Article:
Wednesday, 3 February 2021

Of Mice and Men and Covid


"The best-laid schemes o' mice and men gang aft agley." This line from Robert Burns' "To a Mouse," published in 1786, has become internationally famous. (Image: Burns by Alexander Nasmyth, 1828)

Burns wrote "To a Mouse" like many of his poems, in a Scots dialect many people can't follow without a bit of translation. The relevant line from the poem is usually rendered into "standard" English as "The best-laid plans of mice and men oft go awry." 

The line got a major boost from the success of John Steinbeck's Depression Era novel Of Mice and Men. Steinbeck projects Burns' theme onto the lives of George and Lennie, two down-and-out farm laborers seeking jobs and a better life. Their plans of buying a little farm with rabbits and settling down "gang agley" in a tragic denouement.

In the past year most of us have learned to appreciate Burns' rumination on the fates of mice and men as never before. The raging Covid-19 pandemic may be likened to the destructive force of Burns' plough. 

In the poem Burns, who was a working farmer in his native Ayrshire, apologizes to the mouse. His plough has destroyed the "wee beasties'" home. However humble, the mouse had labored hard to make his house secure and planned to winter there. 

In addressing the mouse Burns sounds much like a modern environmentalist. He stresses the interconnectedness of humans and the natural world:

I'm truly sorry Man's dominion,

Has broken Nature's social union,

An' justifies that ill opinion

Which makes thee startle

At me, thy poor, earth-born companion

An' fellow mortal!

Burns goes on to compare the mouse's predicament to his own. He was in financial difficulties at the time, and also reaping the consequences of his relentless womanizing.  

Still thou are blest, compared wi' me!

The present only toucheth thee:

But Och! I backward cast my e'e

On prospects drear!

An' forward, tho' I cannot see,

I guess an' fear!

Since the early months of 2020, many of us have had our plans ripped apart by the Covid Plough. Holidays abroad, business trips,  and visits to families and friends were churned up and away.  

We had planned a holiday to Portugal in late March 2020, only to have it cancelled by the first lockdown a few days before our scheduled departure. Other trips we had been thinking about taking were put on hold, and still are. Since the first lockdown we haven't traveled more than a few miles from home. We hadn't planned for that.

The disruptions to our plans pale by comparison to those the pandemic has inflicted on many others. Weddings and other ceremonies had to be postponed or greatly altered, moves cancelled, schools closed. Jobs and businesses that seemed secure disappeared. Incomes for billions of people shrank while billionaires raked in huge profits. Mr. Bezos, Can you spare us a dime?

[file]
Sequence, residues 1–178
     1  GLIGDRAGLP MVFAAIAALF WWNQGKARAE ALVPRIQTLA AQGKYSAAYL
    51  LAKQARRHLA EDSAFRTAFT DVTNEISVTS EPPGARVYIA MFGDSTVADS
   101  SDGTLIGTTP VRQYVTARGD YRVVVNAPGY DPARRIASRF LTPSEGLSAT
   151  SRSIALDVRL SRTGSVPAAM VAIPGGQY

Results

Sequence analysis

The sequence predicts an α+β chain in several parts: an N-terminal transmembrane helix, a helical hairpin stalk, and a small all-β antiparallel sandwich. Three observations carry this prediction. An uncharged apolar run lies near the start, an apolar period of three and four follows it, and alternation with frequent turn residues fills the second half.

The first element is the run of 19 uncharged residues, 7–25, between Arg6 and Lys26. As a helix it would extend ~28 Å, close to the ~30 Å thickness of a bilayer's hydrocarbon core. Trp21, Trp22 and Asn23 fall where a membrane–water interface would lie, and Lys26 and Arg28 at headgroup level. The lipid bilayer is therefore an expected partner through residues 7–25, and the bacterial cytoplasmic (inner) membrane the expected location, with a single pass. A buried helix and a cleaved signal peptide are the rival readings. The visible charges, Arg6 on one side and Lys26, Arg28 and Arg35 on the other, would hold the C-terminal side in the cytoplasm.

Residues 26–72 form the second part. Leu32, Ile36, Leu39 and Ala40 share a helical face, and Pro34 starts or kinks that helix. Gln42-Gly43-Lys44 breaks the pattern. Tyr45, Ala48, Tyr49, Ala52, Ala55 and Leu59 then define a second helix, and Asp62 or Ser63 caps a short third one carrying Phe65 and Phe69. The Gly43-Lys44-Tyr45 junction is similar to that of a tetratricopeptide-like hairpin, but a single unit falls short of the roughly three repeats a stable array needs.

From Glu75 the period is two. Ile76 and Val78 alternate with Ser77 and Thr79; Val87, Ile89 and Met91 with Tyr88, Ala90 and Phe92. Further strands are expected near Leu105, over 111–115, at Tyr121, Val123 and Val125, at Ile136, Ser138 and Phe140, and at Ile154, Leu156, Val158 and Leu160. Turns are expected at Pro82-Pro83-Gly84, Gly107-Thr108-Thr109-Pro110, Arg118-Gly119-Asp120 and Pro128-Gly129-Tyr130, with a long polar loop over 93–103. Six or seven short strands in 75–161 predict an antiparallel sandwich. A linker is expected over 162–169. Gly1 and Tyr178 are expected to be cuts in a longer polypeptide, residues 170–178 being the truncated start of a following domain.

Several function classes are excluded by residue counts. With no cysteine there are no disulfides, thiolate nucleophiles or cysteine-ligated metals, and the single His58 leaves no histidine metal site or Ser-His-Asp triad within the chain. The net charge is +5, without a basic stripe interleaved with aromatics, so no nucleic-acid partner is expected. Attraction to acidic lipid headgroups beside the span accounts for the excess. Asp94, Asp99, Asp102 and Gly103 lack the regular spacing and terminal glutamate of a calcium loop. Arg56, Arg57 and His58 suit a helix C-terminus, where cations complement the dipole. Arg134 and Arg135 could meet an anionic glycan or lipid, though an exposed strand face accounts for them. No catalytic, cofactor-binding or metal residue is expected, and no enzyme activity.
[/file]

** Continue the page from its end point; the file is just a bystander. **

As unpleasant as all these disruptions have been, they pale in comparison to the massive loss of life and pain Covid-19 has produced. How bad it will ultimately prove to be we can only wonder. This pandemic shows no sign of abating yet. 

Meanwhile, tour companies are advertising great trips for 2022 and 2023. My first to this reaction is: You cannot be serious! On reflection, I remind myself, life must go on. We need to dream, to have something to look forward to, to plan ahead for good or ill. But we can be forgiven if we sometimes feel like the mouse with Burns' plough bearing down. 

PS. Burns was looking for new opportunities around the time he wrote "To a Mouse." One of the jobs he almost took was that of overseer on a Jamaican sugar plantation, which sits in stark contrast to the anti-slavery and egalitarian themes of many of his later poems. 

While preparing for the voyage to the West Indies, he sent his poems to a publisher in Kilmarnock, and the volume was published to great success. It is known today as the "Kilmarnock Edition." (Image: Title page to Poems, Chiefly in the Scottish Dialect by Robert Burns.)

The success of the book led Burns to abandon the Jamaican plan. He decided to stay in Scotland, left his Ayrshire farm to his brother, and headed for the bright lights of Edinburgh. 

There he would find further success and wide acclaim in the clubs and salons of the Scottish capital. In time, however, he soured on genteel society. He alienated many friends and influential men through his outspoken support for the American and French Revolutions and for political reform in Britain. 

Burns returned to his native Ayrshire and became an excise officer. He died in 1796, possibly from rheumatic heart disease aggravated by hard work. He was only 37. (Image: Burns by Alexander Nasmyth, 1787)


1 comment:

  1. I got to hold the Kilmarnock edition on a visit to the RB Museum there. A very special moment.